Count the 49,000 residents of Pinellas Park well served by their City Council members, who on Tuesday night unanimously rejected the irrational fears of a small minority and ensured the city will once again have the medical benefits of fluoridated water.
Pinellas Park was put in this spot by four shortsighted members of the Pinellas County Commission — Nancy Bostock, Neil Brickfield, John Morroni and Norm Roche. Late last year they turned back the clock on decades of public health gains when they sided with a vocal but ill-informed antiscience tea party faction to stop adding cavity-fighting fluoride to the county's water.
Some of those same opponents showed up Tuesday night in Pinellas Park, but all four council members and mayor wisely followed the advice of the established medical community. Now staff will seek a state grant to cover the $108,000 cost of implementing the city's own fluoride system, and barring that, find the money in the budget year that starts Oct. 1.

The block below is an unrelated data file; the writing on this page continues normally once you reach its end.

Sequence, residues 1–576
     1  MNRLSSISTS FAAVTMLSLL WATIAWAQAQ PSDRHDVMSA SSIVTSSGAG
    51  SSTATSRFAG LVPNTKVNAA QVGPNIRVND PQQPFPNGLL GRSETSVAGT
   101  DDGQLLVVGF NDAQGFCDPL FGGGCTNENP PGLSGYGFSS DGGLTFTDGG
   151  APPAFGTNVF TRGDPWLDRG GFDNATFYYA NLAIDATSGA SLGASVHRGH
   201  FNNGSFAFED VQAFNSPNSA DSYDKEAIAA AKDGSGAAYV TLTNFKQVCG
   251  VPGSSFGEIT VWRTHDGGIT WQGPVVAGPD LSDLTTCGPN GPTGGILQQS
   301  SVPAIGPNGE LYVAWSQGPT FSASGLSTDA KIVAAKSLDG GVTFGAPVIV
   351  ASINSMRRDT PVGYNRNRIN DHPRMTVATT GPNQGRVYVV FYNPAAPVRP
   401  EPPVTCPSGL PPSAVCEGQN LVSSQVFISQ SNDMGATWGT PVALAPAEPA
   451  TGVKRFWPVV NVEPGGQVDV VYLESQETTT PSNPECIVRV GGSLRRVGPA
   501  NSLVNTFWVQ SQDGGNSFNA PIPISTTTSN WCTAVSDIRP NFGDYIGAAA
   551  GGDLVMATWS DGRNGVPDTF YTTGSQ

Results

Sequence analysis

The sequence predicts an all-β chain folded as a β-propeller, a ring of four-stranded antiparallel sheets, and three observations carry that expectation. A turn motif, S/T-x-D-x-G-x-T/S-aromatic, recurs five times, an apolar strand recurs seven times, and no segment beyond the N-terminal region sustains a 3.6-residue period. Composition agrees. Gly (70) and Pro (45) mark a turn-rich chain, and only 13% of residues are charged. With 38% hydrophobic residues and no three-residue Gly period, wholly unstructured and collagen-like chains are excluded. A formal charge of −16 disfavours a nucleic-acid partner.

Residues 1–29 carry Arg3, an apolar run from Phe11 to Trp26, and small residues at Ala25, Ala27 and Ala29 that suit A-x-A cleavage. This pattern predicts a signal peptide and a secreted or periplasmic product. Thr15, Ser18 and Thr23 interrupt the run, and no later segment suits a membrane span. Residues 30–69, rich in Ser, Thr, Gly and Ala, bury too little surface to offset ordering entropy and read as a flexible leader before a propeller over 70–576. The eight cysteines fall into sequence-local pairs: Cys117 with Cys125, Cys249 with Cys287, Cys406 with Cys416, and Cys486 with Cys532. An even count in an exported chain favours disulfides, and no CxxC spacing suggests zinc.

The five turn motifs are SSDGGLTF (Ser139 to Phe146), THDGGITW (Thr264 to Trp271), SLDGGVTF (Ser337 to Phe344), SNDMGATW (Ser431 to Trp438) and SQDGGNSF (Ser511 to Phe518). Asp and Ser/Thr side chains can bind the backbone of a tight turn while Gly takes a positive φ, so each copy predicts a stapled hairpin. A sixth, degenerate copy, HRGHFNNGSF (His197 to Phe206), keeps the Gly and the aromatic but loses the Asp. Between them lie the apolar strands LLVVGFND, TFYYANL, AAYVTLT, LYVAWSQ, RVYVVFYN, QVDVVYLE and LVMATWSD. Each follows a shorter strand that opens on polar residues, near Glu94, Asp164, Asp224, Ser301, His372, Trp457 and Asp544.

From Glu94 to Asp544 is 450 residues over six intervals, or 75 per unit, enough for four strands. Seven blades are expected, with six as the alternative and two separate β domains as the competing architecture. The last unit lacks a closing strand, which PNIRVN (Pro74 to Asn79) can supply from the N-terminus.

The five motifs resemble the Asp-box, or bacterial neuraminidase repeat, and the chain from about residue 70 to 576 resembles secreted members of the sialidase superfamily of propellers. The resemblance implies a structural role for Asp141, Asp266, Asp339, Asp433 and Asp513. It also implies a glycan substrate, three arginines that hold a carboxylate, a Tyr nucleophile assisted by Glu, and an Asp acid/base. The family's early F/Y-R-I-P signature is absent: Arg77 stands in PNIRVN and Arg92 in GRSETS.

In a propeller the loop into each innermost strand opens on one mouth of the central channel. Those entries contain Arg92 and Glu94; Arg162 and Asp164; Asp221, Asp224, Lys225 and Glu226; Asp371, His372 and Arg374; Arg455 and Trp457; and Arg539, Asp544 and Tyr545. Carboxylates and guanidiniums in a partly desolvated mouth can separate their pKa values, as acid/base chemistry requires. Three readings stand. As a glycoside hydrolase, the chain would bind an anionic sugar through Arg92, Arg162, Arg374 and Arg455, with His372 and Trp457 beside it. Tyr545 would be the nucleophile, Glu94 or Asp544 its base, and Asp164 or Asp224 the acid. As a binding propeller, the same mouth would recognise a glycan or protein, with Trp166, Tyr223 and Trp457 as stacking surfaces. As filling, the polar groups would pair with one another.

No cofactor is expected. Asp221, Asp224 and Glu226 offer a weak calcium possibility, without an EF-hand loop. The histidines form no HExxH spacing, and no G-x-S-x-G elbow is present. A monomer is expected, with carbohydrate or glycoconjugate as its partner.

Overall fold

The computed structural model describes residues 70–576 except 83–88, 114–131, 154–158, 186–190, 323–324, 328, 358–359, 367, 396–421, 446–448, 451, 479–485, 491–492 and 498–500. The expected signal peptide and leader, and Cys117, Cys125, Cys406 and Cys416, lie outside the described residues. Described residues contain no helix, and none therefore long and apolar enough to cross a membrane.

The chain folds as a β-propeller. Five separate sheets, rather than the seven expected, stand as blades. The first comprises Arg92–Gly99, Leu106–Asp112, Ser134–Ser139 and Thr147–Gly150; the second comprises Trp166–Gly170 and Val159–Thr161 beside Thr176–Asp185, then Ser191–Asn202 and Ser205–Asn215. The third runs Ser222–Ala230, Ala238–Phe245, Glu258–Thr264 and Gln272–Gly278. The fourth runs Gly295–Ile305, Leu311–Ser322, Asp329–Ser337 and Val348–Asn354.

Pinellas Park is not alone in rebuffing the four county commissioners and choosing science and public health over fearmongering and misinformation: St. Petersburg Mayor Bill Foster, speaking to the Suncoast Tiger Bay Club on Wednesday, pledged that the county's largest city has no intention of going the way of the county's "silly move" and will keep fluoridating its water. That's good local government, times two.